China Travel 2.0 Interviews Soultravelers3 Part 2
Looking for tips for traveling to China? We at Soultravelers3, were very honored to be interviewed by the award winning China Travel 2.0 . Hopefully, the information will be helpful in your own trip to China planning, here is part 2 ( and this is part 1 China travel tips):
How lucky your daughter can speak fluent Chinese, even she can recite the Chinese classics, such as dizigui弟子规,You know even not all the Chinese students know this classics. I am sure they will enjoy the trips in china, cause they can understand the culture easily, at least they can communicate with the locals if they want. It is a problem traveling in a strange country, of course you can call it adventure, but sometimes, if you can speak the local languge is the shortcut to understand the core of the culture, and you can benefit from the trips. It doesnt matter if you can not speak Chinese, Soultravelers3 give you some tips as below. —Winser
3) Thank god your daughter can speak Chinese, but do you think it is still a problem for the non-Chinese speakers Travel to China? whats your tips for this kind of group people? how to enjoy the nice food and not miss the nice places? how to stop the cab etc.
On Yes, it was really a great blessing for our trip to have a child who is fluent in Mandarin. How lucky she was to make her visit to China already fluent. But we were also very lucky to have you and the school and many friends that you set us up with. Even with Mozart’s Mandarin, our trip would have been much harder without that.
Yes, I do think the language barrier makes independent travel to China harder than many places. By coincidence I met up with an old friend who was born in Hong Kong, but has spent the last 40 years living in Canada and doesn’t speak Mandarin and also an American acquaintance who learned Mandarin in Beijing 20 years ago who was visiting with her family. BOTH of them ( and they were doing tours) remarked repeatedly that they were amazed at how little English is available in China even in the service arena in major cities ( places where one would expect that in countries that don’t speak English).
On the train to Shanghai, we met an Australian backpacker who was traveling China for 6 weeks who didn’t speak any Chinese, so independent travel is possible ( and we did much on our own of course), but a lot harder, so people must be prepared for that. He also said he was very disappointed with the food which he was surprised about as he’d been so looking forward to it. We, on the other hand, absolutely loved all the delicious food we had in China, but then many of our meals were through locals, so there is the difference. If we were just guessing all on our own,( places as well as menu items) things might have been different.
Cabs are wonderfully cheap in China, but unless one has a local
connection, they can be extremely difficult for the traveler who doesn’t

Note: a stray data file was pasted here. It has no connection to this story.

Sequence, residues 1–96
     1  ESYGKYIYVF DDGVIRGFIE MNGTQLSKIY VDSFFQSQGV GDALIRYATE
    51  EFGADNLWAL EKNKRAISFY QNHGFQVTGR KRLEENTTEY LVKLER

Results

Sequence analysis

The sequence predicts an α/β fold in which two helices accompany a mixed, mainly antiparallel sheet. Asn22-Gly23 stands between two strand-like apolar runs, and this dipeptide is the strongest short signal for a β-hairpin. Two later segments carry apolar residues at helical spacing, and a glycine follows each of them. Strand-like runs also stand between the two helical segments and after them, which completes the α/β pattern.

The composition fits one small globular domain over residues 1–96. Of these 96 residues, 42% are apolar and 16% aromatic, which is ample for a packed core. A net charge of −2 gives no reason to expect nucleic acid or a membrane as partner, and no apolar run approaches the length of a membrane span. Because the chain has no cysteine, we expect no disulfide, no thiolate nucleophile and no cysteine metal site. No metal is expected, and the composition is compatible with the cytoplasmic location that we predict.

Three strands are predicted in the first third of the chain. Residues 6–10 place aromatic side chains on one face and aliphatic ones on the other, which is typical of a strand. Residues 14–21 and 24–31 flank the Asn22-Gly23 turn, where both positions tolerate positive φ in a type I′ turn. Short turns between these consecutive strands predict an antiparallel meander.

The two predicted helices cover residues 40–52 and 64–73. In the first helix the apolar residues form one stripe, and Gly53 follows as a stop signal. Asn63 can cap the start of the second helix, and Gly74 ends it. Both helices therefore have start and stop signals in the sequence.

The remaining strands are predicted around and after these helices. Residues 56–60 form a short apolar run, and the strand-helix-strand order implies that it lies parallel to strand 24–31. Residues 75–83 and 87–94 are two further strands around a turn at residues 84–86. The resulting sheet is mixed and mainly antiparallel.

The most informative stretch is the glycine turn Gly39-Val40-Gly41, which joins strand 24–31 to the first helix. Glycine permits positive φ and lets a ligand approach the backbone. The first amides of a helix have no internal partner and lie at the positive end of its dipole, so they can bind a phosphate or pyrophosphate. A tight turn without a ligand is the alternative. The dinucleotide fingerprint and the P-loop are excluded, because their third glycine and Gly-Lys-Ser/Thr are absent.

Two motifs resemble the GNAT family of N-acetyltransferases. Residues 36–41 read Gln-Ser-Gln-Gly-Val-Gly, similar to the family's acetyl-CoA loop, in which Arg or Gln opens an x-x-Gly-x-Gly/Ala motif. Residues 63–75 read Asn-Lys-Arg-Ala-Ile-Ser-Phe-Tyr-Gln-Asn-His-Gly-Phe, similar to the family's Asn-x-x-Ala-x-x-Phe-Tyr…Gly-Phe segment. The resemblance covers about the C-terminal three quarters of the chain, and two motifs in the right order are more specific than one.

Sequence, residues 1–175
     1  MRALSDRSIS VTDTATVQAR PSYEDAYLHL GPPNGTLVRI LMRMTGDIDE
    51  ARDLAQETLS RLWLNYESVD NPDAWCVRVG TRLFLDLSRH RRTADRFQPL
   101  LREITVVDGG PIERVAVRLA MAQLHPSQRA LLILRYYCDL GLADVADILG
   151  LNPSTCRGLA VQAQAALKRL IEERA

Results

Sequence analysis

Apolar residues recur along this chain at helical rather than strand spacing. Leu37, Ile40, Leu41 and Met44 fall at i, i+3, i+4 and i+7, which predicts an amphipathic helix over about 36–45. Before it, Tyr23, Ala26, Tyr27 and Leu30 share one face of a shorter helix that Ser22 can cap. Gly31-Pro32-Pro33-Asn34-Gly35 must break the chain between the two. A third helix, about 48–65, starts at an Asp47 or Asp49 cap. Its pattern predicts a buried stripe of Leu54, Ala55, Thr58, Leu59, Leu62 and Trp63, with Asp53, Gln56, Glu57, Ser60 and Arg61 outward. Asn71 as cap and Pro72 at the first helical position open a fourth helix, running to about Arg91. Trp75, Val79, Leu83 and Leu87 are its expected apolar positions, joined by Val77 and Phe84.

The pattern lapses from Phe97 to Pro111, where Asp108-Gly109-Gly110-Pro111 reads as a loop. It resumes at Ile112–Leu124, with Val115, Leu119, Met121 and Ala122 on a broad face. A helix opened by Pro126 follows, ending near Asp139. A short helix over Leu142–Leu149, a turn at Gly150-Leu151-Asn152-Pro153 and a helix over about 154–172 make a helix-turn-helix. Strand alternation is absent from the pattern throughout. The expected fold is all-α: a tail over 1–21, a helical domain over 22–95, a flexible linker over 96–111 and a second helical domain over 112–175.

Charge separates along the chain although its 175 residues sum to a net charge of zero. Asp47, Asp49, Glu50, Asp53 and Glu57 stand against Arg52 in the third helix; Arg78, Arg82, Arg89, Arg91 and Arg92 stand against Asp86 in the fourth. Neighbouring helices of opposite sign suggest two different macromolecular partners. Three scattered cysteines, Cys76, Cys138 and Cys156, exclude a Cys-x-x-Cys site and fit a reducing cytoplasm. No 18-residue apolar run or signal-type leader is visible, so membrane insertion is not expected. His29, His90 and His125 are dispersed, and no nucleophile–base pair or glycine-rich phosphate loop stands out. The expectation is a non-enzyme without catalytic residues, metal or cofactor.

speak Chinese. Easy to flag down, but not once you get in due to
language. We didn’t meet even one taxi driver who spoke any English and
even with Mozart’s good Chinese it was sometimes a problem ( like when
she didn’t know the name of a famous destination in Chinese).
The key for cabs
in China is to always have a written address of where you are going
and if at all possible to also have a local phone or sim card and a
person to call if there is a problem. We had to use charades added to
Mozart’s Chinese when we approached some taxi drivers on our own in Xi'an
to take us from the Muslim Quarter to the city wall. We didn’t have a
card or written information with us for it or our apartment where we
were staying and just took the cab as a spontaneous decision with a
short time frame.
So we were proud that we got there, but did have problems catching a
taxi back to our apartment, so luckily we had your friend and guide in
Xi’an to phone and he rescued us so we could catch our train. Otherwise
that would have been a much bigger problem. We also had challenges with
coordinating with our non Mandarin speaking Canadian Chinese friend
when we met for the Peking Opera. Luckily her hotel and our school
helped us, but that would have been impossible without help.
China is definitely doable for the independent traveler, but one
should be prepared for the challenges and it helps greatly to have
someone to call if there is a problem. Where ever we have traveled where
there are few or no English speakers, we are challenged, but if one is
prepared for that challenge it helps a great deal.
4) is there any disappointements this trip? why? what will you do and where will you go for your next trip? whats your plan for next year? whats your 46th country?
The only disappointment with our trip to China, is that we couldn’t
extend our stay as we would have liked to have stayed longer. It was
really a magical destination for us and that is because of you and the
amazing people we met. We definitely felt the spirit of Lao Tzu while
there and that deeply touched our hearts and stays with us.
We’re always traveling since we don’t have a home, so life is one big
trip, but we don’t plan too far ahead. Our focus now is continuing
Mandarin education for Mozart and my healing, so we will be spending
more time in Penang where it is easy to get those things. We plan to
return to China for a longer stay if we can work out the details we
Other possible countries in the coming year are India, Maldives, Thailand, Bali and Indonesia, Korea, Philippines, Cambodia, Viet Nam, Burma etc. We spent 5 years focused on Europe and now we are focused on Asia ( although we do plan to return to Europe for more).
Who knows what are 46th country will be? We like to be spontaneous so we might be surprised as everyone!